Why you should expand into Japan

Japan is a culturally rich and fascinating country, yet unless you understand its business culture and etiquette, doing business there can be hard.

Martial Meyssignac, Alpadis Group’s Managing Director in Japan, has been in the country for decades and has helped numerous multinational companies as well as entrepreneurs gain a foothold in Japan.

Martial manages Alpadis Group’s operations and guides companies in everything from setting up a company to payroll, employment law and accounting, among other services. Here, he talks about why he came to Japan (over three decades ago!), some of the challenges that foreign companies may have and insights into the unique ways of doing business.

Please tell us what you do at Alpadis Group and how long you have been in Japan

I am originally from France, though I have been based in Japan for 34 years. I came to Japan in 1988, at the time I was studying in the United States and came to Japan with my then girlfriend. To cut a long story short, she returned to the United States, and I remained in Japan!

I worked for the French Chamber of Commerce and then joined the consulting firm, PMC Partners, as a junior partner before becoming a full partner in 1996. At PMC Partners we worked with a number of international companies who needed business development and other services in Japan. Japan is an amazing country but very difficult for foreign firms to understand and be successful in, we were able to provide the kind of guidance and services that they would need.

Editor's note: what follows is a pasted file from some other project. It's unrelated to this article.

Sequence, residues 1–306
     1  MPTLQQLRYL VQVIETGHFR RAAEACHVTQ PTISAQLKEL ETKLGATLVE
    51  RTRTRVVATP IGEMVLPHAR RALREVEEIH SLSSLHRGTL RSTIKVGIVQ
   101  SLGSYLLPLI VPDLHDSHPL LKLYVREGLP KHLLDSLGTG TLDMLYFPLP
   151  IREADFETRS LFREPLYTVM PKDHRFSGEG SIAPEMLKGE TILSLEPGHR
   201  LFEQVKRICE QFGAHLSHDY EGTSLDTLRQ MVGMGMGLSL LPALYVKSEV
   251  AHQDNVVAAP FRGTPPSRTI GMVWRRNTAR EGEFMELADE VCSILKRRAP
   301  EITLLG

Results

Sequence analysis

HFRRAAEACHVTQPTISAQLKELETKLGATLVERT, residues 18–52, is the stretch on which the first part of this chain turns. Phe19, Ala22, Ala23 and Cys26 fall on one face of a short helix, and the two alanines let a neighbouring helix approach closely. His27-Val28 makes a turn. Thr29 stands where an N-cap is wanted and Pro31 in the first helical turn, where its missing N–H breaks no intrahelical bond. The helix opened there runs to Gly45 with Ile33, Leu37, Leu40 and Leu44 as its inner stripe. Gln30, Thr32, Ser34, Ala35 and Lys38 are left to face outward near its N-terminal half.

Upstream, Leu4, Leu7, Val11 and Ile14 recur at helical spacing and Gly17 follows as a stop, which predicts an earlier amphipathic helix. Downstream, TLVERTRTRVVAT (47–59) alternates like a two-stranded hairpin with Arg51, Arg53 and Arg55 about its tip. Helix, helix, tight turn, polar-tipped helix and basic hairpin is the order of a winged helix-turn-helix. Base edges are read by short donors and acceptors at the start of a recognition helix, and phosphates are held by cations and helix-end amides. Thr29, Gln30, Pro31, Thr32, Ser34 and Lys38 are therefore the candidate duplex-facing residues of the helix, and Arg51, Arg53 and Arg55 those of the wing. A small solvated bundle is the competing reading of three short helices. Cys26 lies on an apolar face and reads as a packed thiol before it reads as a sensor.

We would focus on larger business development and sales projects for clients, but would also perform a number of corporate services, from help opening up subsidiaries to payroll, accounting, tax returns etc.

In early 2022 Alpadis Group and I co-founded Alpadis Japan, and I am currently the Managing Director of the company. We provide a full range of corporate services for clients in Japan. These include Company Formation, Accounting, Corporate Secretarial, Tax, HR and Payroll, Employer of Record and Regulatory Compliance among others.

Importantly, we have a multilingual team that are all based in Japan and understand the Japanese environment. Our accountants and experts are able to communicate in English, French as well as Japanese (all are Japanese native speakers) and this is pivotal for ensuring our international clients get what they want.

What kind of clients do you work with?

Our clients are foreign companies who have opened up or already have a subsidiary in Japan, or are about to set up an entity in Japan. What they require is a ‘Madoguchi’, Japanese for ‘counter’ or `ticket window’ but in this context means having one point of contact who can cover all their administrative needs in Japan. So, typically our client will be a big foreign company who needs all the administrative work done for them in Japan.

These companies could be based in Europe, the United States etc where the person overseeing the Japanese market would be based (usually it’s the CFO) and they would need someone they could trust and rely upon to conduct all administrative work. That ‘someone’ is us.